Battle of the sexes. Battle over the thermostat.
Fighting over the thermostat settings is an all-too-common scenario in many homes and offices.
For the most part, men prefer the lower setting and women want it higher. Jane wants a space heater and yet John is losing layer after layer of clothing.
Why the battle? Why do some women always seem cold?
Well, there’s actual scientific reasons behind it all.
First. Women have colder extremities than men. When you feel cold, the first place you typically feel cold is in your hands and feet.
When your brain starts to sense that the body feels cold, your body will start to conserve heat. This often leads to a process called vasoconstriction where the blood vessels in your hands and feet will contract to keep your body’s core warm, and lower blood flow makes the hands and feet feel colder.
The reason why this happens more in women is partly down to hormones.
In women, the female hormone oestrogen regulates the peripheral blood vessels. High levels of this hormone make them more sensitive to temperature. As a result, a woman’s temperature will vary during her menstrual cycle as oestrogen levels rise and fall.
It’s suggested this mechanism allows a pregnant woman to ensure her baby is protected from cold, but the causes are still unclear.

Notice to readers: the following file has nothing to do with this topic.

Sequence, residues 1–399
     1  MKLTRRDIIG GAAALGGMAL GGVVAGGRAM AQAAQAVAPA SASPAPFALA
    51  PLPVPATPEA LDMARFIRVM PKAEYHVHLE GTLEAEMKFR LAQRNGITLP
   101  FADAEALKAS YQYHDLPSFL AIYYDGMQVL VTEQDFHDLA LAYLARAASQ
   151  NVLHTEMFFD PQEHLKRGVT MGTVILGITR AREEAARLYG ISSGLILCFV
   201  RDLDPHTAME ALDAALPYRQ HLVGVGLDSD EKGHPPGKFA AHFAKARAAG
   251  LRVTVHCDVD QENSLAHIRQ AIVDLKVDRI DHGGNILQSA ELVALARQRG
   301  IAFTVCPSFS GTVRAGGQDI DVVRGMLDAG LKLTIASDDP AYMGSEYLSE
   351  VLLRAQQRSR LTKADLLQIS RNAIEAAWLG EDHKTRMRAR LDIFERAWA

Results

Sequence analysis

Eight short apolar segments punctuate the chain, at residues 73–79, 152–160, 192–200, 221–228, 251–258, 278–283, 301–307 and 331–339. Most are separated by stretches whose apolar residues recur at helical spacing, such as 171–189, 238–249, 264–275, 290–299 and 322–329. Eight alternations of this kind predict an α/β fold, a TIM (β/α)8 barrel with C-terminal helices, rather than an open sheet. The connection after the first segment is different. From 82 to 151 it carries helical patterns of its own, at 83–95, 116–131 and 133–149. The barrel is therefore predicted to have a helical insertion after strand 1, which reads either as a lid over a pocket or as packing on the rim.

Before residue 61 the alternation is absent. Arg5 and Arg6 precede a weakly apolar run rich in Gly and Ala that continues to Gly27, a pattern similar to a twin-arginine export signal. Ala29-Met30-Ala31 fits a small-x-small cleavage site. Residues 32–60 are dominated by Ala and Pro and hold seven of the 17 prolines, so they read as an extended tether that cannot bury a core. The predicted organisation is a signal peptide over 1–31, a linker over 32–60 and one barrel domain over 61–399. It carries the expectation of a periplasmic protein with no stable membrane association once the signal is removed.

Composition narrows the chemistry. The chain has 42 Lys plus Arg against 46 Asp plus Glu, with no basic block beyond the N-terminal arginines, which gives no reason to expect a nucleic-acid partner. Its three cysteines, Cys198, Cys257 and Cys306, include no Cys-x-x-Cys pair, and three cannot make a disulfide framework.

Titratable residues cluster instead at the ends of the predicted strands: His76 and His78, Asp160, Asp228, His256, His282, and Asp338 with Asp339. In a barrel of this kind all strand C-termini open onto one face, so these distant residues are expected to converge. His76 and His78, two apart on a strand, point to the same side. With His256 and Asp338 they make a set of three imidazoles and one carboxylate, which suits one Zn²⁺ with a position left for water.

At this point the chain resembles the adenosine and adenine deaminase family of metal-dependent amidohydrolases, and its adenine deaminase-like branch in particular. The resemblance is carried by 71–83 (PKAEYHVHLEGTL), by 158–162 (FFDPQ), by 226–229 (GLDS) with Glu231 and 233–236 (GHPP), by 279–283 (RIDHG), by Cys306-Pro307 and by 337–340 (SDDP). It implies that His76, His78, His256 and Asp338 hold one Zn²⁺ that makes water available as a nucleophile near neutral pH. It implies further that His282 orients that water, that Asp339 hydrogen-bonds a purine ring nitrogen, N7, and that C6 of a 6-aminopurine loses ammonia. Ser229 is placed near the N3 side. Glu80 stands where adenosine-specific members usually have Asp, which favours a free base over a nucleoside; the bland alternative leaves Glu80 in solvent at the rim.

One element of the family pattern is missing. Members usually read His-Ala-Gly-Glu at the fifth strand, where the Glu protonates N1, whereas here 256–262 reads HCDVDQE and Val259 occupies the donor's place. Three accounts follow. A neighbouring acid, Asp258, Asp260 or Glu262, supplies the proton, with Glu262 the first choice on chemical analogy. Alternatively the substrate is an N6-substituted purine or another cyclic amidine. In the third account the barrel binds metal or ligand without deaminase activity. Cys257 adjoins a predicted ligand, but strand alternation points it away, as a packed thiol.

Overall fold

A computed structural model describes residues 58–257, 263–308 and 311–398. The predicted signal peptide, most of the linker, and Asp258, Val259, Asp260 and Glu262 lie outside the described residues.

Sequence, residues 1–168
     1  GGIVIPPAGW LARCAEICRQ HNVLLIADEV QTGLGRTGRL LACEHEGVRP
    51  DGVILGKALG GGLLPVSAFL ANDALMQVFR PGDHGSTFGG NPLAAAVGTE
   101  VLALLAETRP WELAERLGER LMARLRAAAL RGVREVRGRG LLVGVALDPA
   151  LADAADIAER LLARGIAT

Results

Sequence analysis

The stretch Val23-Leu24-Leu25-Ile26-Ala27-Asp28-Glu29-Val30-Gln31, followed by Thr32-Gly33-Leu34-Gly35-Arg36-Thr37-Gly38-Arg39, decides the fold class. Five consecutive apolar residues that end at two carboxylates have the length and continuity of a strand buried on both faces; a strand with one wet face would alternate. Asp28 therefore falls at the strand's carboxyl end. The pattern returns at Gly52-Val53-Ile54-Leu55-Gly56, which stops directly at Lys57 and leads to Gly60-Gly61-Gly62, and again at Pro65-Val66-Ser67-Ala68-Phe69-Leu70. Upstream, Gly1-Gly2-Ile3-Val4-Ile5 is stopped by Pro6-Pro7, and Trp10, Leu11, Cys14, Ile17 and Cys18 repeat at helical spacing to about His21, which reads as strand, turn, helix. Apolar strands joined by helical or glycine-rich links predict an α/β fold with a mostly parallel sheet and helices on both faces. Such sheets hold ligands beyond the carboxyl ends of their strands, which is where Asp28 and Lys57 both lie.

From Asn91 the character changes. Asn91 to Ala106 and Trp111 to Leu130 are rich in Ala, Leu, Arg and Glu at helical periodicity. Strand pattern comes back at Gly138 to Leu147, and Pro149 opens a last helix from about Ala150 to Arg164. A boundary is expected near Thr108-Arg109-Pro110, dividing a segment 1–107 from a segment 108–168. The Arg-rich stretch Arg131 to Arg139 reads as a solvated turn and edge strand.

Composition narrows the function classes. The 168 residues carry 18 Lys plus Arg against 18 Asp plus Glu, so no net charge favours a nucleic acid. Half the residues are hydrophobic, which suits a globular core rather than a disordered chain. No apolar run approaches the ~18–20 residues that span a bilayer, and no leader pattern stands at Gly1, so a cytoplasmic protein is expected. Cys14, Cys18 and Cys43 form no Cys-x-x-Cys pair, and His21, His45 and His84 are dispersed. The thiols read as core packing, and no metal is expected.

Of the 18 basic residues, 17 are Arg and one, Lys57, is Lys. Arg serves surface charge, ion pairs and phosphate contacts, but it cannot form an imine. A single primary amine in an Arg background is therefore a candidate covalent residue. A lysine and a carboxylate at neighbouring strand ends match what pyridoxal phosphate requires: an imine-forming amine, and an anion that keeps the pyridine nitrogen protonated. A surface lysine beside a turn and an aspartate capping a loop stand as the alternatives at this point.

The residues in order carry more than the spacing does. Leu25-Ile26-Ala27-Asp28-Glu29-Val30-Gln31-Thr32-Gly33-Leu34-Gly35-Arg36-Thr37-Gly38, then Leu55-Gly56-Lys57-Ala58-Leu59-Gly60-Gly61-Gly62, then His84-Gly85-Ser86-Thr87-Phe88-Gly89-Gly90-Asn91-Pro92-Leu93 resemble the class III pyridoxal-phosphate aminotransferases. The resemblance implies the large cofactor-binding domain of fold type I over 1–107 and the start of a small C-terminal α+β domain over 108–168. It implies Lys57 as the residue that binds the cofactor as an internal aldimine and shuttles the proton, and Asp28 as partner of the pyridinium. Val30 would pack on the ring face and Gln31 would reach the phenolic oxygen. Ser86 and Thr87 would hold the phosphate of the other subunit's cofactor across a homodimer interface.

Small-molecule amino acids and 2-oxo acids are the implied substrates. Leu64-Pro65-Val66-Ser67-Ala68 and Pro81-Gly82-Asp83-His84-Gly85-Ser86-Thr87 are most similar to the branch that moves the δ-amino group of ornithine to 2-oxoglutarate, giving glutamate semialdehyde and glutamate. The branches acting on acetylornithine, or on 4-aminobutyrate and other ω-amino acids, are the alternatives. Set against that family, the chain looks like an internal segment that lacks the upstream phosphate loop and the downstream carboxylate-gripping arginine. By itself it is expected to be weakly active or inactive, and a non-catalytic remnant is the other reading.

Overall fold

There’s also the fact that women have 10 per cent more body fat than men.
The more fat you’ve got, the more you’re protecting your inner organs. The more fat you’ve got, the harder it is for heat to reach the skin. So fatter people tend to have lower skin temperatures.
Next. Women have higher core body temperatures than men.
This one may seem a little confusing. But there’s the thing… body temperature varies from person to person. But usually women tend to have a higher body temperature than men. A higher body temperature, however, doesn’t mean that women are warmer. It’s actually quite the opposite. When your body is used to being warm, colder air feels even cooler to the body.
REPEAT: When your body is used to being warm, colder air feels even cooler to the body. (See… we southerners aren’t really wimps when it comes to cold air. We are just used to the heat.)
Finally. Muscle density.
Thinner women, men and the elderly are more likely to struggle with feeling cold. The less muscle mass a body has, the more the brain will signal to the body that it’s time to start conserving heat.